Some Casual Talk On Brooklyn 1885 #5


ANNOUNCEMENT IS MADE BY THE ICE COMPANIES that the quantity of last Winter's harvest on the Hudson is one-fourth smaller than that of the previous year. Let us hope that this is not a prelude to an increase in prices. Such a movement on the part of the companies would be without the shadow of justification, but the public have suffered so many wrongs and are so accustomed to submitting to overcharging that it would be difficult to astonish them by the infliction of any outrage. The ice gathered the past season ought to be sufficient to furnish an abundant supply for two years, if necessary.

THE RECENT SUGGESTION OF GENERAL HENRY W. SLOCUM as a possible candidate for Collector of the Port of New York provoked considerable comment, and, in the course of gossip, a controversy concerning the General's attitude in the last Presidential canvass. Some persons who indulged in adverse criticism insisted that General Slocum did not vote on election day, and that he did not even take the trouble to register. The record of registration, prepared by the Board of Elections, shows that Henry W. Slocum, aged 57 years, was registered in the Eleventh Election District of the Twentieth Ward. Moreover, the poll list shows that the General on election day voted the entire ticket.

THE RESIGNATION OF WILLIAM M. IVINS from the office of School Commissioner in New York City recalls his activity in Brooklyn politics and his subsequent prominence in the Metropolis. Ivins popped to the surface here in the movement of Independent Democrats headed by General Slocum, and was secretary of the Slocum General Committee during the brief term of its existence. Subsequently he became entrenched in the good graces of William R. Grace, and when Grace was first elected to the Mayoralty he made Ivins his private secretary. In the latter capacity Ivins did not succeed in making himself over popular, and although bright and active, was too supercilious for the ordinary run of humanity. He is equipped with strong hacking over the river and belongs to the professional reform wing in politics.

CONTRADICTORY ACCOUNTS ARE GIVEN of the result of the cheap cab experiment in New York and the Brooklyn gentlemen who are about engaging in a similar enterprise will probably make a more thorough investigation before fully launching their scheme. The principal backers of the New York Cab Company were Ryerson & Brown, the well known livery stable keepers of that city and Long Branch and they made an assignment last week with liabilities aggregating $500,000. Despite, however, this reflection of ruin in black and tan there ought to be a fine opening here for a more economical system than that with which we have long been familiar. Brooklyn covers so much more territory than New York that the necessity becomes the more apparent, even if we fail to take into account the advantages our neighbor enjoys in the matter of elevated railroads. There are sections of this town so remote that a tramp to them from the amusement centers at night would seem almost like a pedestrian journey to Yonkers or Tarrytown. The present charges for cab hire are entirely too high, and relief will be welcomed by thousands of persons who would like at times to avail themselves of conveyances other than the horse cars if they could afford it.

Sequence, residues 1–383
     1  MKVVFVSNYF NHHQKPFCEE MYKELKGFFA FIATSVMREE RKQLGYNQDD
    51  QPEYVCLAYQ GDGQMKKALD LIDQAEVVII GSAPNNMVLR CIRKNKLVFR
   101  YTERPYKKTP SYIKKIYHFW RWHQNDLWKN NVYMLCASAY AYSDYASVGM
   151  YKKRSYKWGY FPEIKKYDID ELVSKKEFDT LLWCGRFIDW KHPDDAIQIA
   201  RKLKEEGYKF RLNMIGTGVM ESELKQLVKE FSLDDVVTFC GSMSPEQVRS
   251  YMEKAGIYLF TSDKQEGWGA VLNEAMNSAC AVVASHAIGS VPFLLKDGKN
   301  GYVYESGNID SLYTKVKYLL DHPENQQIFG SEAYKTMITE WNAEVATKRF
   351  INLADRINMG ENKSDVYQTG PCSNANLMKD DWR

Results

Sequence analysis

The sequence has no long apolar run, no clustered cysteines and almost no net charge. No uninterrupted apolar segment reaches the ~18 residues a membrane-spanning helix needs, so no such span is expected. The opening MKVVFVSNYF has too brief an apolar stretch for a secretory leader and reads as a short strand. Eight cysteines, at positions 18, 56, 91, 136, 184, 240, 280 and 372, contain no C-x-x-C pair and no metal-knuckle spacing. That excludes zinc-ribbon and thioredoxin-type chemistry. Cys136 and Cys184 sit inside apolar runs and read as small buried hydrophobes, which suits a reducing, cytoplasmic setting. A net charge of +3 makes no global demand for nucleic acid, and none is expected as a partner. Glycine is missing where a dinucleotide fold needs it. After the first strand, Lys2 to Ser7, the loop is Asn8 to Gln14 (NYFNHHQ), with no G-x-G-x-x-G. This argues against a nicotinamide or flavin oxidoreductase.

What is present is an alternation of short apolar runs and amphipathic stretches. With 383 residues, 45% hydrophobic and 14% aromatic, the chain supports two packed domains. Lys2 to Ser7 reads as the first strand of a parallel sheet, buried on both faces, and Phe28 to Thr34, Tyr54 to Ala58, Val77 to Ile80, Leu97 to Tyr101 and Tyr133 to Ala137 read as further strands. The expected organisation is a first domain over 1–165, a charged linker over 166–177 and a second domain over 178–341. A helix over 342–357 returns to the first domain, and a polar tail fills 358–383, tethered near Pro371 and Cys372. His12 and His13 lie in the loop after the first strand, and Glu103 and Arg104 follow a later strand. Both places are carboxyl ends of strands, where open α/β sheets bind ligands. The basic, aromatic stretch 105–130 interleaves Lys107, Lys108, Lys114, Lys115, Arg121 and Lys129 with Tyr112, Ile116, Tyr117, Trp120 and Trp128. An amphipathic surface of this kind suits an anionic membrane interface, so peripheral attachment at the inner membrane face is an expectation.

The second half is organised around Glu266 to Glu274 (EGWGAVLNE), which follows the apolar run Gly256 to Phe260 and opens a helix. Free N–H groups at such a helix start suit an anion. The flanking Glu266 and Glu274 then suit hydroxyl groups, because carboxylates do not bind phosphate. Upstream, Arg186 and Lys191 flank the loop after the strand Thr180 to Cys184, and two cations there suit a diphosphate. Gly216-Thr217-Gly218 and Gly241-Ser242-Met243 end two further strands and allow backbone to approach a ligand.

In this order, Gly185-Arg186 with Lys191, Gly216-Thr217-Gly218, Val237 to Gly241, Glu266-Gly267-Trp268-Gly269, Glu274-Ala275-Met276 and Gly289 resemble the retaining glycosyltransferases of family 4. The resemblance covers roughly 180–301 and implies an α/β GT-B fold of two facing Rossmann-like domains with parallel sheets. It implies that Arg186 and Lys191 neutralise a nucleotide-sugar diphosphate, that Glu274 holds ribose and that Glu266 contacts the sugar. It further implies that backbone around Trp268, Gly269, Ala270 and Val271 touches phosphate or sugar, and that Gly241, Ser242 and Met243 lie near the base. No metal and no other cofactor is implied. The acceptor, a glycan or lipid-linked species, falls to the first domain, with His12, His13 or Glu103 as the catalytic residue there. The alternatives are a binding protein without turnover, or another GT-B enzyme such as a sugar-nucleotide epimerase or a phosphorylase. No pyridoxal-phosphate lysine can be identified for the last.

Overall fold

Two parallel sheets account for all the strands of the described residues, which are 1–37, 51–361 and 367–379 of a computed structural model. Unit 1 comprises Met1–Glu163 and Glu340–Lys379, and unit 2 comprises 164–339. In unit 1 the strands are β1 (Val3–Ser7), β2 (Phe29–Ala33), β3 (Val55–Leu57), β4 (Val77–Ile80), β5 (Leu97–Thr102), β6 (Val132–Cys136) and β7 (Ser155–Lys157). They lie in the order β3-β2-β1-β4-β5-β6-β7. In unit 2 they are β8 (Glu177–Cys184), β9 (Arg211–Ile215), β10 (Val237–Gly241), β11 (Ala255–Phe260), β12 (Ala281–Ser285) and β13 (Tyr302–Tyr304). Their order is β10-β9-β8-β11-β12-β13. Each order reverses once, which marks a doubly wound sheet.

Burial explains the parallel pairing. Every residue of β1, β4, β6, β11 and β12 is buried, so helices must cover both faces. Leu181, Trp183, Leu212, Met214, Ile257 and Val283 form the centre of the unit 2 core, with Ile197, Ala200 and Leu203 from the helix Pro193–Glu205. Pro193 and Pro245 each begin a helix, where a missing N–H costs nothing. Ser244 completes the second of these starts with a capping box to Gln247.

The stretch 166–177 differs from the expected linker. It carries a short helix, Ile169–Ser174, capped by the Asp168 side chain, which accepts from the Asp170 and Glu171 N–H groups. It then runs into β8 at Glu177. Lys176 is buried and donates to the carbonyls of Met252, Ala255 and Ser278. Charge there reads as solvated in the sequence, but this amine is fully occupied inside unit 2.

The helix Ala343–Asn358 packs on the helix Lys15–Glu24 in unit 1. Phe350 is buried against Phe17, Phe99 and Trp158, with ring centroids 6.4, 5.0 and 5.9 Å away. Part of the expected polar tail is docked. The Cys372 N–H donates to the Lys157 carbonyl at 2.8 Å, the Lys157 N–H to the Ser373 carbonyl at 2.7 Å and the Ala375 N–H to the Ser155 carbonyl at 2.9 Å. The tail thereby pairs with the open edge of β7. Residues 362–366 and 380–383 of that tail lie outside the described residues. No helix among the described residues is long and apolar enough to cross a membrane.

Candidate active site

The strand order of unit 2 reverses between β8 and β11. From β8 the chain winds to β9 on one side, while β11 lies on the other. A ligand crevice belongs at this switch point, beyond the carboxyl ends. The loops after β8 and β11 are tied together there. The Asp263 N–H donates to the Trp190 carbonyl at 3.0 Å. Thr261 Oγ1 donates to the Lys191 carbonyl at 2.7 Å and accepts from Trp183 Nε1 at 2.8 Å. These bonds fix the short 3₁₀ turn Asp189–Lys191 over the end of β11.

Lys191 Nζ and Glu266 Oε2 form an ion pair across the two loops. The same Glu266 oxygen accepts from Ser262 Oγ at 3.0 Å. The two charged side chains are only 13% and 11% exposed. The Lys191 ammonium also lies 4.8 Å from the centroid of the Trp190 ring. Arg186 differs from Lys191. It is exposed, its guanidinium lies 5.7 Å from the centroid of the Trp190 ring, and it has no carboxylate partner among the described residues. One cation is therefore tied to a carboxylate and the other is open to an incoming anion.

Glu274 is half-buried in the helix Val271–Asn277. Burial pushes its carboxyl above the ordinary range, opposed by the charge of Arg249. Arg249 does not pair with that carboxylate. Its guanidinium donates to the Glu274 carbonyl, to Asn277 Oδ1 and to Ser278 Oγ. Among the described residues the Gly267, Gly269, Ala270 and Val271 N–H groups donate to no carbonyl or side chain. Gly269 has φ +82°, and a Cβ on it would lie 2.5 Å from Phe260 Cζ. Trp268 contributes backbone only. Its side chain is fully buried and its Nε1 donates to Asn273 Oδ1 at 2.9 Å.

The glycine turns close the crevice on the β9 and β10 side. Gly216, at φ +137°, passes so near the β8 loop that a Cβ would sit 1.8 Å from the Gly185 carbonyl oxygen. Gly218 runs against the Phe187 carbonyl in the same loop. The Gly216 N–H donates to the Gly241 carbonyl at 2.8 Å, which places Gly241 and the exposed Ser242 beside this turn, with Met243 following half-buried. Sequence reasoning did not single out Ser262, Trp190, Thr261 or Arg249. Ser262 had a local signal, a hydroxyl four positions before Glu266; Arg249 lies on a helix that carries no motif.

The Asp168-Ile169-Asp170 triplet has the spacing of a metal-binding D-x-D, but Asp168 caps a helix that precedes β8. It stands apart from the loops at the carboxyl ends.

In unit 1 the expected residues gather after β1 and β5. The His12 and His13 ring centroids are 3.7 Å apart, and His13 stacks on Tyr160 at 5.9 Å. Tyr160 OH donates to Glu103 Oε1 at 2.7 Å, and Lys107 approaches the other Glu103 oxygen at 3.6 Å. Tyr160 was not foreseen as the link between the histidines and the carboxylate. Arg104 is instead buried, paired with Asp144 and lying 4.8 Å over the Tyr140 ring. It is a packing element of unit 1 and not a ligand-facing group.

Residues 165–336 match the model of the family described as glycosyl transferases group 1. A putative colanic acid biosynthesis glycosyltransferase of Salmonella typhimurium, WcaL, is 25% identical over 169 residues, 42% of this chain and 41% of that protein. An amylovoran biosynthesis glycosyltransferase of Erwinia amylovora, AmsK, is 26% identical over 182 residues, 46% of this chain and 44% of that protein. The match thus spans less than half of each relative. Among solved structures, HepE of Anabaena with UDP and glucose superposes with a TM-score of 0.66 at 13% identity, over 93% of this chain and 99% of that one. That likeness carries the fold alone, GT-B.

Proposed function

POOR COLONEL McLEER is having a hard time of it in his efforts to hold on to the Post Office until the end of his term. In the days when the Republicans were in control of the national offices, a good many fervent party men became impatient over the retention of the Colonel because he would not take a more active hand in ward and district politics. After the election of Garfield a strong delegation visited Washington to secure his removal and the installation of James A. Brown, of the Thirteenth Ward, who had been turned out with Mr. Talbot, to make room for Colonel Charles B. Morton, as Deputy Postmaster. The attempt to supersede McLeer created a great uproar, and the politicians engaged in the crusade dropped the matter much more speedily than they took it up.

THE POSTMASTER WAS ORIGINALLY APPOINTED by Hayes, who sent for him and asked him to name a Federal office in Brooklyn that he would accept. it was some time after this that the Colonel concluded to make a dash for the Postmastership. One of his intimate friends tells me that he expects to be superseded by a Democrat, but that he hopes to remain until the close of his term, which expires in about a year.


Website: The History
Article Name: Some Casual Talk On Brooklyn 1885 #5
Researcher/Transcriber Miriam Medina


The Brooklyn Daily Eagle April 12, 1885
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